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[casi] Common Myths in Iraq Coverage

An issue as serious as the Iraq crisis deserves the highest possible degree
of accuracy from the press.  U.S. media coverage, however, is  marked by
frequent misstatements and distortions of reality-- some of  which have been
made repeatedly, even after being pointed out by critics.

Here are a few examples of commonly repeated errors:

1. "But as U.N. weapons inspectors prepare to return to Iraq for the first
time since Saddam kicked them out in 1998, the U.S. faces a delicate
balancing act: transforming the international consensus for disarmament
into a consensus for war." --Randall Pinkston, CBS Evening News (11/9/02).

One of the most common media errors on Iraq is the claim that the U.N.
weapons inspectors left Iraq in 1998 because they were "kicked out" or
"expelled" ( ).  The
inspectors, led by Richard Butler, actually left voluntarily, knowing thata
U.S. bombing campaign was imminent.  This was reported accurately
throughout the U.S. press at the time: "Butler ordered his inspectors to
evacuate Baghdad, in anticipation of a military attack, on Tuesday night"
(Washington Post, 12/18/98).

2. "The last weapons inspectors were pulled out of Iraq nearly four years
ago. Baghdad charged that there were spies on the team, and the United
States complained that Iraq was using the accusation as an excuse to
bstruct the inspectors.  After the team withdrew, the U.S. and Britain
waged a four-day bombing campaign." --L.A. Times (11/19/02)

Treating the use of the U.N. weapons inspection team for espionage as a
mere Iraqi allegation might be referred to as "Saddam Says" reporting.  In
fact, reports of the misuse of the inspectors for spying were made in  early
1999 by some of the leading U.S. newspapers, sourced to U.S. and  U.N.
officials (FAIR Action Alert, 9/24/02; ).  These papers reported
as fact that "American spies had worked undercover on teams of United
Nations arms inspectors" (New York Times, 1/7/99) in order to "eavesdrop  on
the Iraqi military without the knowledge of the U.N. agency"  (Washington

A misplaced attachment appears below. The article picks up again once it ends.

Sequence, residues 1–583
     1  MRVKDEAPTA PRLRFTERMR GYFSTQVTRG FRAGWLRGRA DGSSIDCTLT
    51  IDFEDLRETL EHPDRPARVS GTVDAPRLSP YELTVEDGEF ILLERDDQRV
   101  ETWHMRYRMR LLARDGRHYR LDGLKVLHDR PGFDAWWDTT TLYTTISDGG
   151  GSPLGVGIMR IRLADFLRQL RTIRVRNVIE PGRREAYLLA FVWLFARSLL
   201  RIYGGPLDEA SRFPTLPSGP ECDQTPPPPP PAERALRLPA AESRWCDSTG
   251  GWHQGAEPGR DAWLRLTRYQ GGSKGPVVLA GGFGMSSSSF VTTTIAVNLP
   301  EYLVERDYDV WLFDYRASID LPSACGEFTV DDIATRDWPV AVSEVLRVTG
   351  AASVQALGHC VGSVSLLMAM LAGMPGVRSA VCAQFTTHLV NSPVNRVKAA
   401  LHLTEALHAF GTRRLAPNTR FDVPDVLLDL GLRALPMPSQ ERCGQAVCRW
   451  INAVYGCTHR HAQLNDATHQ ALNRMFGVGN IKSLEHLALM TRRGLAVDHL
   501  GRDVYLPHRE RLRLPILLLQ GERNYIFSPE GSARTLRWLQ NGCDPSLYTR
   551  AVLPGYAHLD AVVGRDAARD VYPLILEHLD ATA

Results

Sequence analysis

Post, 3/2/99) as part of "an ambitious spying operation  designed to
penetrate Iraq's intelligence apparatus and track the movement  of Iraqi
leader Saddam Hussein" (Boston Globe, 1/6/99).

3. "Many [in Iraq], of course, are bitter over the 12-year-long
U.S.-supported embargo, which Baghdad claims has led to thousands of
infants and elderly people dying from preventable diseases." --Time

The topic of sanctions is also often covered in a "Saddam Says" fashion.
In fact, there are detailed reports on the deadly effects of sanctions  that
come from respected international health organizations and public health
experts, not from the Iraqi government.  For example, UNICEF  published a
report in August 1999 that found that sanctions against Iraq  had
contributed to the deaths of 500,000 children under five.  Richard
Garfield, a public health specialist at Columbia University, estimates  that
350,000 children have died as a result of sanctions and the lingering
effects of the 1991 Gulf War (The Nation, 12/6/01; ).  To describe a
death toll in this range as "thousands" is like saying that "dozens" of
people died in the World Trade Center attacks.

4. "The Pentagon also points out, the Bush administration also points out
very, very strongly, that the Iraqi regime itself is to blame for all of
these problems.  If they simply complied with U.N. Security Council
resolutions and disarm, there would be no sanctions, there would be no
problem getting medical supplies, doctor, pediatricians, to all parts of
Iraq." --Wolf Blitzer, CNN (11/7/02)

It's not at all clear that sanctions against Iraq would automatically be
lifted if the country disarmed; President George Bush the elder declared  in
1991, shortly after the sanctions were imposed, "My view is we don't want to
lift these sanctions as long as Saddam Hussein is in power."  His  secretary
of state James Baker concurred: "We are not interested in seeing  a
relaxation of sanctions as long as Saddam Hussein is in power."

President Clinton made a point of saying that his policy toward Iraq was
exactly the same as his predecessor's.  His secretary of state Madeleine
Albright stated in her first major foreign policy address in 1997: "We do
not agree with the nations who argue that if Iraq complies with its
obligations concerning weapons of mass destruction, sanctions should be
lifted. Our view, which is unshakable, is that Iraq must prove its  peaceful
intentions.... And the evidence is overwhelming that Saddam  Hussein's
intentions will never be peaceful." (See Institute for Public  Accuracy,
11/13/98; . )

ACTION: When you see these mistakes being repeated, please contact the
media outlet and ask that the record be corrected.  Contact info for
leading U.S. news outlets can be found at .

The outlets mentioned above may be contacted at:

   CBS Evening News:

   Los Angeles Times:


   CNN, "Wolf Blitzer Reports":

~Anai Rhoads

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